Pink Floyd has lost its "crazy diamond."
Syd Barrett, the brilliant, erratic catalyst for Floyd's early success, "died peacefully at home" last Friday at 60, according to his brother. The musician had been in ill health for years, battling type 2 diabetes, as well as stomach ulcers.
A singer and guitarist, and originally the band's principal songwriter, Barrett masterminded Pink Floyd's breakthrough album, Pipers at the Gates of Dawn, before being sidelined in the late 1960s by LSD-induced behavioral problems.
In a statement, the surviving members of the seminal band, said they "are naturally very upset and sad" at the news of Barrett's passing. "Syd was the guiding light of the early band lineup and leaves a legacy which continues to inspire."
Barrett teamed with bassist Roger Waters, drummer Nick Mason and keyboardist Richard Wright to launch Floyd in 1965, deriving the name from two bluesmen, Pink Anderson and Floyd Council.
Barrett fronted the band during its initial rise to fame, culminating with the 1967 classic The Piper at the Gates of Dawn, which mixed jazz, rock and R&B with psychedelia--a template for the prog-rock sound the band refined in its 1970s heyday--and propelled Floyd to stardom.
But Barrett couldn't enjoy the band's triumphs. He began to suffer from increasingly severe mental problems brought on by his heavy use of LSD and mood-altering drugs, frequently faltering during concerts.
In January 1968, his Floyd mates invited friend and fellow guitarist-vocalist David Gilmour to take over playing Barrett's parts during live shows, but with the understanding that Barrett would continue writing and recording songs.
Ultimately though, as Barrett grew increasingly unpredictable and his musical output dwindled, he was booted from the band. Only one track he wrote, "Jugband Blues," made it onto Floyd's second album, 1968's A Saucerful of Secrets.
With Waters assuming band leadership, Floyd cemented its legendary status with a string of masterpieces, including 1973's Dark Side of the Moon, the 1975 tribute to Barrett, Wish You Were Here, which featured the epic track "Shine On You Crazy Diamond," and 1979's The Wall.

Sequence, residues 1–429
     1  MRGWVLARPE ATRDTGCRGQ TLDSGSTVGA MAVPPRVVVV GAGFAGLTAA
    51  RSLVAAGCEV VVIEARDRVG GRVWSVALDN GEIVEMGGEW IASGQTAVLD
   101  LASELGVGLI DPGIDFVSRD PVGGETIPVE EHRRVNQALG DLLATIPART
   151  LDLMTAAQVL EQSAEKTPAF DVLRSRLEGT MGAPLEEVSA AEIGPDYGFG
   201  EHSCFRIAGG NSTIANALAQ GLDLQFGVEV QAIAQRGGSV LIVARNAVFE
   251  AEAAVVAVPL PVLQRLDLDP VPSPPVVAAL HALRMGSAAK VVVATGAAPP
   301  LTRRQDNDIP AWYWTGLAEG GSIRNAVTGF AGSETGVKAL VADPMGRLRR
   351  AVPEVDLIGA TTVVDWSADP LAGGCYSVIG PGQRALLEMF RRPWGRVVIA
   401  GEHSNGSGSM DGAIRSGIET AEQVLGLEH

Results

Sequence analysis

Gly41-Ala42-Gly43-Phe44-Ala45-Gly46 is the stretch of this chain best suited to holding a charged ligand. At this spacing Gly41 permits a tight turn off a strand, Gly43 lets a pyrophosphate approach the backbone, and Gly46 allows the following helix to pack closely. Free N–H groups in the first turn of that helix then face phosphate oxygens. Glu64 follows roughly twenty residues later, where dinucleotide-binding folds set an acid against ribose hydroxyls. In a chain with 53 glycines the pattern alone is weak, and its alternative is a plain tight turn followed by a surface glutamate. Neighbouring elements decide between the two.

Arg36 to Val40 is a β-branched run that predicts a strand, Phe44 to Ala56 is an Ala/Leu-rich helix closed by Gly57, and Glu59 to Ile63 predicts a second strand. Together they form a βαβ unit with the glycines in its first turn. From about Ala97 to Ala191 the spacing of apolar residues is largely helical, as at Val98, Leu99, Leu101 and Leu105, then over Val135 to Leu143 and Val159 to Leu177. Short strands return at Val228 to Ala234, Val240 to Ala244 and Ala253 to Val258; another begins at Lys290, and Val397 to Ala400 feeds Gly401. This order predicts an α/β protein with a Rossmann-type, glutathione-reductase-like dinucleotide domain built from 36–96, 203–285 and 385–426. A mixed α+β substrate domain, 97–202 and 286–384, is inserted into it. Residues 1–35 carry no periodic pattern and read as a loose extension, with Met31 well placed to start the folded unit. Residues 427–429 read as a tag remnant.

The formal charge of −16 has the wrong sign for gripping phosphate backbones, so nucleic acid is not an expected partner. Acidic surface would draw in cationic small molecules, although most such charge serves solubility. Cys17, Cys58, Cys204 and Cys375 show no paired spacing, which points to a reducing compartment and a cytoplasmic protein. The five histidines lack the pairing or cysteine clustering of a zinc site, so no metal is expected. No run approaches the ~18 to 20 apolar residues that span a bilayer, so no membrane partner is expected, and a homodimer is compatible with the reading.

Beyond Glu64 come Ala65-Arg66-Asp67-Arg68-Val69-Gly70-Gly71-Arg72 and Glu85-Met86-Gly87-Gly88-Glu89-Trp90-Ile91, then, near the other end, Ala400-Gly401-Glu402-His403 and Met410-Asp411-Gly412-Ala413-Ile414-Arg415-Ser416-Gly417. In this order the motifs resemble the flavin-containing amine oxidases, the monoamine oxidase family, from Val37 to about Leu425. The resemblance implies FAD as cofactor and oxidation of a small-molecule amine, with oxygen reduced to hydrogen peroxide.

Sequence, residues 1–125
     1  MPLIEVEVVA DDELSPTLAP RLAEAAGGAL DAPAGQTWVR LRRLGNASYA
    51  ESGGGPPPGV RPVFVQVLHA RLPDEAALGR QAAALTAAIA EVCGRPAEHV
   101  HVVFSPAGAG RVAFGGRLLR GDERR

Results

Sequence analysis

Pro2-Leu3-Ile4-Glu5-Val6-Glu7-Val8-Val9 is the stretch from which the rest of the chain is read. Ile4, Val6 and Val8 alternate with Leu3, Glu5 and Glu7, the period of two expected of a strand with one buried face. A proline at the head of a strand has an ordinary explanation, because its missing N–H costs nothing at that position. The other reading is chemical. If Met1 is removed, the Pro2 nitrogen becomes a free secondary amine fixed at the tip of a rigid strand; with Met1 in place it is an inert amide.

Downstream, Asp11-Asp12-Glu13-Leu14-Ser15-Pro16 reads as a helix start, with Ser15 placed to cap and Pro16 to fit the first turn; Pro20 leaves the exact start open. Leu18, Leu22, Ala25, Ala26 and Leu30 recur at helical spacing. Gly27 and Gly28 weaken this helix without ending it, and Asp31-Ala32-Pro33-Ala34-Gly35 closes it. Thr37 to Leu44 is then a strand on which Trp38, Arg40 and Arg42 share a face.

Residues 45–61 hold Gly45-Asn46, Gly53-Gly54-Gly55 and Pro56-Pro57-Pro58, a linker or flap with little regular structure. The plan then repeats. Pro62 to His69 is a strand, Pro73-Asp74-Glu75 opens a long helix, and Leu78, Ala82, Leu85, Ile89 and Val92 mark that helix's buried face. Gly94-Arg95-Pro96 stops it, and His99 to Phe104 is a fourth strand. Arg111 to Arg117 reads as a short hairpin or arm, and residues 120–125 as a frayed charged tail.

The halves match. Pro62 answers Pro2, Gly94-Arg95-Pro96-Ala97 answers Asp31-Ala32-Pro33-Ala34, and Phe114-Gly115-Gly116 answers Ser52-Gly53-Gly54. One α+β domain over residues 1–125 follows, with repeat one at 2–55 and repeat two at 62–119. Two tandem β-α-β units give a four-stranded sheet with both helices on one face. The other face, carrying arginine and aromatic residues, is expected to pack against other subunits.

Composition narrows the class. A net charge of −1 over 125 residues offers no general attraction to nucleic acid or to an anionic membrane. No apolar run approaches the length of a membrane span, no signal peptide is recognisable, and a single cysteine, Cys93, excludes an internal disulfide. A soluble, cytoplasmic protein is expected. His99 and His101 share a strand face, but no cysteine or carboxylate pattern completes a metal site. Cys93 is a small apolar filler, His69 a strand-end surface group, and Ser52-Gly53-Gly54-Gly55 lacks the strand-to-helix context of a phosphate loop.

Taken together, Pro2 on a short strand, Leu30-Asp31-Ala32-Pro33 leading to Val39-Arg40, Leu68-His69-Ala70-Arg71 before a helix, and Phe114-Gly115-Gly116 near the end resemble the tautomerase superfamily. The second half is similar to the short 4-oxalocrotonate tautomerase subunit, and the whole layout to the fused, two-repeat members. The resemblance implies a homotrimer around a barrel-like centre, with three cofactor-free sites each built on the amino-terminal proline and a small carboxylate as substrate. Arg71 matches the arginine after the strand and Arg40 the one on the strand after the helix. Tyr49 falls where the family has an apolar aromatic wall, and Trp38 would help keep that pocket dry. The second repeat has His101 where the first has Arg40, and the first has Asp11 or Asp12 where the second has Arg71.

The post-Barrett Pink Floyd sold over 200 million albums and became one of the most mesmerizing live acts in music history. The band, Barrett included, was inducted in the Rock and Roll Hall of Fame in 1996.
On his Website Tuesdsay, David Bowie recounted how he was influenced by Barrett. "The few times I saw him perform in London at UFO and the Marquee clubs during the '60s will forever be etched in my mind. He was so charismatic and such a startlingly original songwriter. Also...he was the first guy I'd heard to sing pop or rock with a British accent," said Bowie, who recorded a cover of the Barrett-penned Floyd song "See Emily Play" for his 1973 album, Pin Ups.
"I can't tell you how sad I feel...His impact on my thinking was enormous. A major regret is that I never got to know him. A diamond indeed."
He was born Roger Keith Barrett, on Jan. 6, 1946 in Cambridge, England, the youngest of five children of a pathologist and his wife. Barrett studied music when he was a boy at the behest of his parents and acquired the nicknam, "Syd" as a nod to a local Cambridge musician named Sid Barrett.
After joining together, Barrett, Waters, Mason and Wright began by playing mainly R&B covers as did their contemporaries in the Beatles, Rolling Stones and the Who.
Eventually, Barrett and company began to improvise more and incorporate feedback and echoes into their live shows, drawing a passionate following at London's UFO club. The band secured its record deal based on the Barrett composition "Arnold Layne," and he wrote eight tracks on Piper, the most successful being the Top 10 U.K. single "See Emily Play."
After leaving Pink Floyd, Barrett recorded two solo albums, The Madcap Laughs and Barrett, both of which failed commercially. He subsequently exited the music industry altogether and became a recluse, spending the rest of his life living with his mother.
Barrett shocked his former band mates by paying them a surprise visit during recording sessions for Wish You Were Here.
According to Nick Mason's book, Inside Out; A Personal History of Pink Floyd, it was a sad reunion--Barrett had become virtually unrecognizable to the band, having gained weight and shaved his head and eyebrows. Barrett had also taken to randomly brushing his teeth and jumping up and down in place. The sight so upset Waters that he nearly broke down.
"Roger was in tears, I think I was; we were both in tears," Wright once told VH1. "It was very shocking...seven years of no contact and then to walk in while we're actually doing that particular track ["Shine on You Crazy Diamond"]. I don't know--coincidence, karma, fate, who knows? But it was very, very, very powerful."
That image of Barrett was later recalled in a scene in Pink Floyd's The Wall, Alan Parker's 1981 feature, when Bob Geldof also had his eyebrows shaved.
No immediate word on a public memorial, but Barrett's brother Alan tells the British music site NME.com that there will be a private family funeral in the next few days.